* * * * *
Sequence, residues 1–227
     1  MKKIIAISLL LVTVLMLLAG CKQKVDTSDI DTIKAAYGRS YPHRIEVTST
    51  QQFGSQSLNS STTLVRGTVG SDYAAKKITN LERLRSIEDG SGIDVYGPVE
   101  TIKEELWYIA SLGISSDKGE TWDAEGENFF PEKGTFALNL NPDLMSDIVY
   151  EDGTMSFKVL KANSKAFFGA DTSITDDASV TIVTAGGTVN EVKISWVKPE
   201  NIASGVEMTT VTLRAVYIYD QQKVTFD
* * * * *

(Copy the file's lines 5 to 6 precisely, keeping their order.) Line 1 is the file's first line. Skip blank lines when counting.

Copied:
   151  EDGTMSFKVL KANSKAFFGA DTSITDDASV TIVTAGGTVN EVKISWVKPE
   201  NIASGVEMTT VTLRAVYIYD QQKVTFD